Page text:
31 May 2017


The POSNOC trial is a clinical research trial available in NZ looking at the armpit treatment provided to women diagnosed with early stage breast cancer and one or two sentinel nodes involved with cancer spread. The trial will help determine if axillary treatment is no longer needed meaning that some wāhine/women will be able to avoid unnecessary treatment and long term side effects of treatments.

POSNOC is of considerable importance in terms of improving outcomes for women with breast cancer and also in understanding breast biology.

Scientific Title

Protocol RD-5103-001-13: POsitive Sentinel NOde: adjuvant therapy alone versus adjuvant therapy plus Clearance or axillary radiotherapy. A randomised controlled trial of axillary treatment in women with early stage breast cancer who have metastases in one or two sentinel nodes or “POSNOC trial”.


The usual treatment following breast cancer surgery is to give chemotherapy or endocrine therapy (hormone therapy), or both. Radiotherapy may also be given to the breast or chest wall. These treatments are called adjuvant therapy.

At the moment, it is also usual for women with cancer spread in 1 or 2  lymph sentinel nodes to have further treatment to their armpit (axilla). This treatment is either an operation to remove extra lymph nodes from the armpit (axillary node clearance), or radiotherapy to the armpit (axillary radiotherapy).  Researchers want to find out whether this further treatment to the armpit is really needed.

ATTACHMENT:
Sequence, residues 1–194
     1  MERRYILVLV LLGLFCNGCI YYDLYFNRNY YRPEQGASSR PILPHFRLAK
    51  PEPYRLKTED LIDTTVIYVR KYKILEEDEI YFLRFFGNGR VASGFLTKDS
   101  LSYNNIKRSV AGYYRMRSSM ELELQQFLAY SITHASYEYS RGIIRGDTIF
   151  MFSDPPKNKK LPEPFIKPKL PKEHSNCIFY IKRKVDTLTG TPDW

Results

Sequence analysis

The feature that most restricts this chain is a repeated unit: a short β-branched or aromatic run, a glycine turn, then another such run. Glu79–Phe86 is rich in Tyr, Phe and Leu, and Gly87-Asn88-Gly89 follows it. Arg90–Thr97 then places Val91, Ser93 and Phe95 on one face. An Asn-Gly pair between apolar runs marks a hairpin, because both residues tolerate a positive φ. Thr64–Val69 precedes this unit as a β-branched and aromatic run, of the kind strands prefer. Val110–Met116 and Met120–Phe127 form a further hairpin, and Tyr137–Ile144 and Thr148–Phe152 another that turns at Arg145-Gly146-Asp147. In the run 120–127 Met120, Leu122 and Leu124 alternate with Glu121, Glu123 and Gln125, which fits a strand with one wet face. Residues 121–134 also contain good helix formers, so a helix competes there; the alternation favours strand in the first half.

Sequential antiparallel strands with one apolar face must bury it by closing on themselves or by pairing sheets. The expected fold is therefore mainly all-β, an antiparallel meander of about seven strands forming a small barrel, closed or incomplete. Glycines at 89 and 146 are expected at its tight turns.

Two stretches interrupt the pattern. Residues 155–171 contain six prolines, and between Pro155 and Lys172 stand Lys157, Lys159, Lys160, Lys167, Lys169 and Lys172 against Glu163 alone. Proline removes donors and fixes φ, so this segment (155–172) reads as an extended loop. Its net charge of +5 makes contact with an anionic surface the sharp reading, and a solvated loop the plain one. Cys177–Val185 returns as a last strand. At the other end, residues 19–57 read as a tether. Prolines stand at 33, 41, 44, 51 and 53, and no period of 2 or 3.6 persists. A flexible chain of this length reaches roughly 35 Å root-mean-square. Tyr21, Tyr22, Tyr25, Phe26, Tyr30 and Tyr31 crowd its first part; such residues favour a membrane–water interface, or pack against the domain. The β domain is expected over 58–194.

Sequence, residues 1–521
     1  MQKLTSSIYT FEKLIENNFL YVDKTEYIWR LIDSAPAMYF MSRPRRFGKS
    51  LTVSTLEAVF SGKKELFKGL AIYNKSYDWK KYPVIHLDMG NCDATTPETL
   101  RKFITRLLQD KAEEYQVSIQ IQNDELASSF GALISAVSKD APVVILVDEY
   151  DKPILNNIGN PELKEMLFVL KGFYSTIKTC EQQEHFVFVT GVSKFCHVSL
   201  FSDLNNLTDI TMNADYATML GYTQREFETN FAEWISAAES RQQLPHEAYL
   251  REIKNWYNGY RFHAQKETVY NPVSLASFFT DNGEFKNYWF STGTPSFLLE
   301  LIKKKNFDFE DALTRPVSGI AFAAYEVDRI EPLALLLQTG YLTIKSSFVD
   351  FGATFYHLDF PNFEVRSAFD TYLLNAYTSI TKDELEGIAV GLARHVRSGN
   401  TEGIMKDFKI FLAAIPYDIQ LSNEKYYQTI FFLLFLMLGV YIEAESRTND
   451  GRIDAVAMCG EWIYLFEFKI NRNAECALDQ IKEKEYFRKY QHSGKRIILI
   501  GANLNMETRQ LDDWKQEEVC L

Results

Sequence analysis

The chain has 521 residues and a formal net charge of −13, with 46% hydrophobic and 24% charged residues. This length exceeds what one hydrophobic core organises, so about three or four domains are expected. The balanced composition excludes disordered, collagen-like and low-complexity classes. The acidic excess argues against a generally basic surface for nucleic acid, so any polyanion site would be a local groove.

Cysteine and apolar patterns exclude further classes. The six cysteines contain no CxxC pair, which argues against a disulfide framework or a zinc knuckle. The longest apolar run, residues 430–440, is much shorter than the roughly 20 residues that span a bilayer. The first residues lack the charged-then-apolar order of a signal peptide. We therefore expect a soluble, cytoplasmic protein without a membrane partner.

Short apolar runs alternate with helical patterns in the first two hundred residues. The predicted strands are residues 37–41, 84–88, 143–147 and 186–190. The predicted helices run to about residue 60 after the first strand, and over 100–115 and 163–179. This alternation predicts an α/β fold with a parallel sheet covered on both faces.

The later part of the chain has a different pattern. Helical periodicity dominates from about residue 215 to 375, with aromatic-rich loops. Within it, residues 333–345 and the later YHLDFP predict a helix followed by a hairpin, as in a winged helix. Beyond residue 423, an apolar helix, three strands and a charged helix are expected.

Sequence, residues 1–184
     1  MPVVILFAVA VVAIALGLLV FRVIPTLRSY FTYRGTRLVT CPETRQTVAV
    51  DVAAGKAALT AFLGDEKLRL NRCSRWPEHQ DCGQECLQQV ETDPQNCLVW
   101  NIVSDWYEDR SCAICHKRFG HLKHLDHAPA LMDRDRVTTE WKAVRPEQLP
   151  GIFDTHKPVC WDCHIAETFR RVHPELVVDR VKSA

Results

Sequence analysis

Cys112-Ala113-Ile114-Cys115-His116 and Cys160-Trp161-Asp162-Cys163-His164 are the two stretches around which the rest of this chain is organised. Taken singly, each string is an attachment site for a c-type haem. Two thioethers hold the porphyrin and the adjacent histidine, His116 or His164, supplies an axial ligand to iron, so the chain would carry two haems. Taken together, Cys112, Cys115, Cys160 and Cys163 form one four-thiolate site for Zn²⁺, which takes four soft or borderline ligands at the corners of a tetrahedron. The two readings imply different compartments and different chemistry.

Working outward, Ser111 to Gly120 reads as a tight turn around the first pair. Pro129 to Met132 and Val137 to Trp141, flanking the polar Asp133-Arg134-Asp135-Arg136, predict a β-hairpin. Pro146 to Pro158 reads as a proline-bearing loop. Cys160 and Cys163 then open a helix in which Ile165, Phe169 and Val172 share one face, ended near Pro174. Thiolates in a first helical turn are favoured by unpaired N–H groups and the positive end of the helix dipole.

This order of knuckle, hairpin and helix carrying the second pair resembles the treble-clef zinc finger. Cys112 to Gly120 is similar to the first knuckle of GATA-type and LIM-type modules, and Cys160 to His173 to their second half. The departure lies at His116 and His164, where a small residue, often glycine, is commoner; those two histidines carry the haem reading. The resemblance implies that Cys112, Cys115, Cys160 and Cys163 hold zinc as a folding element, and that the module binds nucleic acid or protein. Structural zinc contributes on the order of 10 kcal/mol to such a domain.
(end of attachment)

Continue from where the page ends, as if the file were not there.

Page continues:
Researchers now know that other breast cancer treatments are very good at preventing cancer from coming back. Some research results suggest that the extra armpit treatment after sentinel node biopsy may not change the risk of cancer coming back so the axillary treatment may no longer be needed. However, many experts believe that further evidence is needed to prove whether this is the case.



This UK based trial will involve 1900 women across the UK, Australia, and NZ. Waikato, Rotorua, and Palmerston North Hospitals will be centres for this research.

Ask your Breast Surgeon or Oncologist if this trial is suitable for you.